At the end of the last century Labour pushed through a devolved Parliament for Scotland and a devolved Assembly for Wales. They did so claiming it would end the growth of the emerging nationalist parties in both parts of the UK.
Instead in Scotland it gave a platform and more grievance to the modest minority campaigning for independence twenty five years ago, swelling their support and leading to an SNP government in Edinburgh always pressing for more powers and for full independence. Under Nicola Sturgeon the SNP became a very successful vote winning party, drawing the support of a much enlarged minority that did want an independent Scotland and adding to it others who thought it a good idea to have an aggressive Scottish government seeking to maximise money and support from the rest of the UK under threat of leaving.
It led directly to the need for an independence referendum, which the SNP said they would regard as a once in a generation opportunity. No sooner had they lost and they were looking for reasons to try again, wanting to commit Scotland to permanent uncertainties and painful divisions as long as they lacked a majority for their cause. Nicola Sturgeon managed to keep in office whilst fuelling the divisions,. She did not seek to use the governing powers she enjoyed to improve Scottish services, but as a battering ram against the Union. During covid she gained advance information on the views and understandings of the Union government, to always go earlier and for more lockdown than the rest of the country. There was no wish to work collaboratively at a time of public health danger common to all when the rest of the UK wished to help and share with Scotland.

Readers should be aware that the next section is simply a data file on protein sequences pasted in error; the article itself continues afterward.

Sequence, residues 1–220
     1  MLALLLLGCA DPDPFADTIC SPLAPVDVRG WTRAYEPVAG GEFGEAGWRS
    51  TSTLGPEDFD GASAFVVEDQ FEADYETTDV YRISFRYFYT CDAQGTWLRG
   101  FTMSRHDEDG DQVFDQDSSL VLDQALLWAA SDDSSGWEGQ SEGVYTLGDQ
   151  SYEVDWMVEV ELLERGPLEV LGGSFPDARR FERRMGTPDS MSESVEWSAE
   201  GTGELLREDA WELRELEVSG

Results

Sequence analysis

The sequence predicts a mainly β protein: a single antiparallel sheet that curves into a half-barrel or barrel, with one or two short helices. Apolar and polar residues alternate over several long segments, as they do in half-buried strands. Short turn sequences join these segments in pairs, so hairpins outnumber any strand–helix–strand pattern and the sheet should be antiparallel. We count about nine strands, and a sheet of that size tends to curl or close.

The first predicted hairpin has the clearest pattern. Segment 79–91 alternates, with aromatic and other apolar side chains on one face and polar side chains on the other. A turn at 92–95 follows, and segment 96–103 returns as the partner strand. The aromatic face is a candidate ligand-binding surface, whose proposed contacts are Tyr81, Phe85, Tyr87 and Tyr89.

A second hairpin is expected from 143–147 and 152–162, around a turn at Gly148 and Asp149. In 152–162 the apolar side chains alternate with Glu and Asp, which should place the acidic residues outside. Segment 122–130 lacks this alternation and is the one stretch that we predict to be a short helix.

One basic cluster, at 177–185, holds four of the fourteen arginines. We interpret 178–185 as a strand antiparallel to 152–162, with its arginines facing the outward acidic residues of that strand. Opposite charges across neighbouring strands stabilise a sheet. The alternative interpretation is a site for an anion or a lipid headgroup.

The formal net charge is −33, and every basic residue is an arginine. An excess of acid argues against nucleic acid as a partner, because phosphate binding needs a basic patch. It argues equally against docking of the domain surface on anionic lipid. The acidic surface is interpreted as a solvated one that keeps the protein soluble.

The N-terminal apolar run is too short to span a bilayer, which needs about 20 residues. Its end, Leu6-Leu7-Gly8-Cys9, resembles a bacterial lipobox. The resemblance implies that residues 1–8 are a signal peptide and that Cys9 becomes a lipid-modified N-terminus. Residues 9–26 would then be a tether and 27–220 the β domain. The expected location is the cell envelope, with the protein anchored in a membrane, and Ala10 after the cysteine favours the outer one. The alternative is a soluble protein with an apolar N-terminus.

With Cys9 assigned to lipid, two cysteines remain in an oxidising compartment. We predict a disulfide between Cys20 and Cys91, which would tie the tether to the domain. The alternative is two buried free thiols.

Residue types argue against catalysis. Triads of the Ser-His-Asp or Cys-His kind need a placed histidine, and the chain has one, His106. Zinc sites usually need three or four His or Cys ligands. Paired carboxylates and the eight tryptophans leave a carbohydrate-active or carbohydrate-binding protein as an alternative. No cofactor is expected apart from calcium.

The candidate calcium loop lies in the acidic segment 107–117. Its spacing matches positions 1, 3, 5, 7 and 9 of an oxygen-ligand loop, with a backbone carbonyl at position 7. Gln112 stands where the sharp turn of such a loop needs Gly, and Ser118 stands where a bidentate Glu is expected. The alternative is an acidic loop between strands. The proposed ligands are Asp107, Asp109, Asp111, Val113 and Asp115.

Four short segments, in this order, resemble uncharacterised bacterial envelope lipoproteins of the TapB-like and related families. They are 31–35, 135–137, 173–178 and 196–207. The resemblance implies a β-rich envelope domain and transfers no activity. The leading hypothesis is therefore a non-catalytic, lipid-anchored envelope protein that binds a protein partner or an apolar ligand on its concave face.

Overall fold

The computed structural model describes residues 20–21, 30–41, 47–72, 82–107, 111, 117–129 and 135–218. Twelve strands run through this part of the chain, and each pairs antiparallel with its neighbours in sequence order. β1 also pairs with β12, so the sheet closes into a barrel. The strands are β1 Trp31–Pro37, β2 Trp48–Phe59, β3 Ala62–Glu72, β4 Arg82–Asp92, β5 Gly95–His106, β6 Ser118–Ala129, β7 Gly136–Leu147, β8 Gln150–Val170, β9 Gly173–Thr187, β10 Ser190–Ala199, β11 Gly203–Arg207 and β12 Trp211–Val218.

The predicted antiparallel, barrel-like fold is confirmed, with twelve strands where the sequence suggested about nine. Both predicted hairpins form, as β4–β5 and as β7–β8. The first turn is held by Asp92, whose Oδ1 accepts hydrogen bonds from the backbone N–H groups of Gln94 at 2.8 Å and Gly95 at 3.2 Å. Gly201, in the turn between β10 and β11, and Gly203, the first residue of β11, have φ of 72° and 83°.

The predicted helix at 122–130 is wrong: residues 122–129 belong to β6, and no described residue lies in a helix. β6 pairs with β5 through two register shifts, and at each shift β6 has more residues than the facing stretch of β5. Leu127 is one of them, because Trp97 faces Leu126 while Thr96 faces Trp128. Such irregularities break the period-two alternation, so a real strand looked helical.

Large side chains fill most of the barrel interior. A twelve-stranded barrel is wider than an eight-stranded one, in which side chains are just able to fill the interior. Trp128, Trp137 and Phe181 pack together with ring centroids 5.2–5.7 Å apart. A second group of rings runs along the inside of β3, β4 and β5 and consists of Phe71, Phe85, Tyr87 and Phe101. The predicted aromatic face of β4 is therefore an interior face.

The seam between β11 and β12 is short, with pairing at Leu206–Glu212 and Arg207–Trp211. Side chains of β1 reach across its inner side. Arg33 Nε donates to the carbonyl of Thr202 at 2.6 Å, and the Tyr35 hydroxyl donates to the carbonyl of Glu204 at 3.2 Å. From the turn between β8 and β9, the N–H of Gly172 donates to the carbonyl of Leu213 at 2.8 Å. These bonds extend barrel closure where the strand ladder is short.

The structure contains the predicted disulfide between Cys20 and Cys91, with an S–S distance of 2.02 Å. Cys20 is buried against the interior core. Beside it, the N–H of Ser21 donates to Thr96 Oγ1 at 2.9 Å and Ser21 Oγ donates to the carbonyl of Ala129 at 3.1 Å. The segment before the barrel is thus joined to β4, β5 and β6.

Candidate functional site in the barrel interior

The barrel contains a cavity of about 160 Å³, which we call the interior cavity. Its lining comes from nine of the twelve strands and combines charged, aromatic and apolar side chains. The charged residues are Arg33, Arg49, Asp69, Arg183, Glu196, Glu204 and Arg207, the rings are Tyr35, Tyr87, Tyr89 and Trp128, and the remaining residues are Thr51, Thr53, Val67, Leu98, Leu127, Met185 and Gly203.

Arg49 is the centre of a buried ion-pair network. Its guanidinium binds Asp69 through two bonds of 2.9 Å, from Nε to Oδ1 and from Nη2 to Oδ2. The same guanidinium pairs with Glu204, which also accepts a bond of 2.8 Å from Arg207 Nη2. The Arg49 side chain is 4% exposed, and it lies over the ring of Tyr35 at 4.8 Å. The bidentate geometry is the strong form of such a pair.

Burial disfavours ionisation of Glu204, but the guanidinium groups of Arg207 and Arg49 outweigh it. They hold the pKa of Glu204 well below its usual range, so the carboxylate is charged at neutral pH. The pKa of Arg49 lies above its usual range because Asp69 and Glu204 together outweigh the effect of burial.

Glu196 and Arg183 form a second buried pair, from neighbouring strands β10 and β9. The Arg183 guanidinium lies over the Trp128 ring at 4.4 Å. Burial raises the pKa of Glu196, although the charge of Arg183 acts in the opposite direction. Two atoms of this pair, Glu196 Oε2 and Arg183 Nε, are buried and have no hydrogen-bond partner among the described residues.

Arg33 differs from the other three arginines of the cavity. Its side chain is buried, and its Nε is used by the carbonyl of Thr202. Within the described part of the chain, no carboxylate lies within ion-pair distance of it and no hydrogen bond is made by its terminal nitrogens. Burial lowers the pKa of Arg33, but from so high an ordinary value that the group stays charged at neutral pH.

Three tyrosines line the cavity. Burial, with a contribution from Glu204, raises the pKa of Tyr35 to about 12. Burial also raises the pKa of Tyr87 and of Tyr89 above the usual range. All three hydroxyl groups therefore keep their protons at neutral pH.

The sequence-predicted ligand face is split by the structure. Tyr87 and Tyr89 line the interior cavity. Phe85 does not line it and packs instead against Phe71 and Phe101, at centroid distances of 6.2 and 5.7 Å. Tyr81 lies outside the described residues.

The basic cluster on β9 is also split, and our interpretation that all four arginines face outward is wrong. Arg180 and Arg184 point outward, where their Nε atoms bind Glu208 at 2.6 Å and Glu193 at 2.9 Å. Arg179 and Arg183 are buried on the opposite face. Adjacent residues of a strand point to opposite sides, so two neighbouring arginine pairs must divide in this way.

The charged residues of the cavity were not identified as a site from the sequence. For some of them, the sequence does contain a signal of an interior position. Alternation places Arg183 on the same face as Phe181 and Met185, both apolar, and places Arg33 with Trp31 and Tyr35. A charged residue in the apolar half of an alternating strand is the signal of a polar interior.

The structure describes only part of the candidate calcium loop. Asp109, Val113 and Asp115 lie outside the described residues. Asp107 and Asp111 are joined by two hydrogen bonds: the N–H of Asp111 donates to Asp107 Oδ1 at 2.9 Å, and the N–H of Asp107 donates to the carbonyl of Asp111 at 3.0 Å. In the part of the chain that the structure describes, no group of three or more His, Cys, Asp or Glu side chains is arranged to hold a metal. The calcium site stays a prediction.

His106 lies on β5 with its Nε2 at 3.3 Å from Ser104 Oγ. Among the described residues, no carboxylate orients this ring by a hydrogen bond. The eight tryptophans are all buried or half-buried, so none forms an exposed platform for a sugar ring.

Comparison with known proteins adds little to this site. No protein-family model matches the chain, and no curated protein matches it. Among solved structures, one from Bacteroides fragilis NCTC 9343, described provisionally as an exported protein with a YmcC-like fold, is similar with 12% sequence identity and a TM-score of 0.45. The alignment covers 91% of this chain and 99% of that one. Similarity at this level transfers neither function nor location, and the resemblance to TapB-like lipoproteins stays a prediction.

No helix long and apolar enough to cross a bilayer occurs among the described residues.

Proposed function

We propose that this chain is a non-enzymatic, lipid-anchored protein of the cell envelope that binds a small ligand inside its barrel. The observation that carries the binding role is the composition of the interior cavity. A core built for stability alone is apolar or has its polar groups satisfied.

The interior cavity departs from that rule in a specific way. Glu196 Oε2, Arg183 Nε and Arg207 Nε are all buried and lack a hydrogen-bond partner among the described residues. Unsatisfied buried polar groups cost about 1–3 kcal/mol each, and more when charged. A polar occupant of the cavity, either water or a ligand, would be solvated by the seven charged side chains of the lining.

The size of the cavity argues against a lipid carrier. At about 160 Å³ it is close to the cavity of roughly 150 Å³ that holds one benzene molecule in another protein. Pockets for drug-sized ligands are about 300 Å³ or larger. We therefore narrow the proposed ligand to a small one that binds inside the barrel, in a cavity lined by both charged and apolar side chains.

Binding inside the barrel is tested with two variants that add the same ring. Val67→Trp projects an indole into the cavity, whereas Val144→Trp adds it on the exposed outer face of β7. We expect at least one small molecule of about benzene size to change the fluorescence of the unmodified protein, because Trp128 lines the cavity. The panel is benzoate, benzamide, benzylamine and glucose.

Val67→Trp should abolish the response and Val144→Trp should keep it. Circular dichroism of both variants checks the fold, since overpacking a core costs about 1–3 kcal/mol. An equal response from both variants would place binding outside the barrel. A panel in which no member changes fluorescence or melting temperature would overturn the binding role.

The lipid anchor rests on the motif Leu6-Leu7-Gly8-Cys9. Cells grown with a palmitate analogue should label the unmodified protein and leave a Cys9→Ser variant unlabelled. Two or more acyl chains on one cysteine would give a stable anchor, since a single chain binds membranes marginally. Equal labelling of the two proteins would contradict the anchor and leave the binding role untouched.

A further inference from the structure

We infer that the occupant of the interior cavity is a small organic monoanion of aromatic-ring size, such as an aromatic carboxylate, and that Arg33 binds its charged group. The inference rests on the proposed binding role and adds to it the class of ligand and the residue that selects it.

Now she has resigned it is possible to have a more informed debate about why the Scottish devolved powers in crucial areas like health and education have not been used to make improvements in services and management, despite the more generous money allocations sent by the Union Parliament. It is possible to rethink the collision course Nicola Sturgeon was designing to raise the issue of independence again, despite losing a court case over another referendum. Her party can rethink its views in letting rapists serve sentences in women’s prisons which proved to be a provocation too far even for the very tolerant UK government.
Meanwhile our Union is also threatened in Northern Ireland by the EU. Fresh from its success in standing up at last to the SNP by seeking to override its unwise law, the government of the UK now needs to complete the passage of tis legislation to restore UK government of Northern Ireland.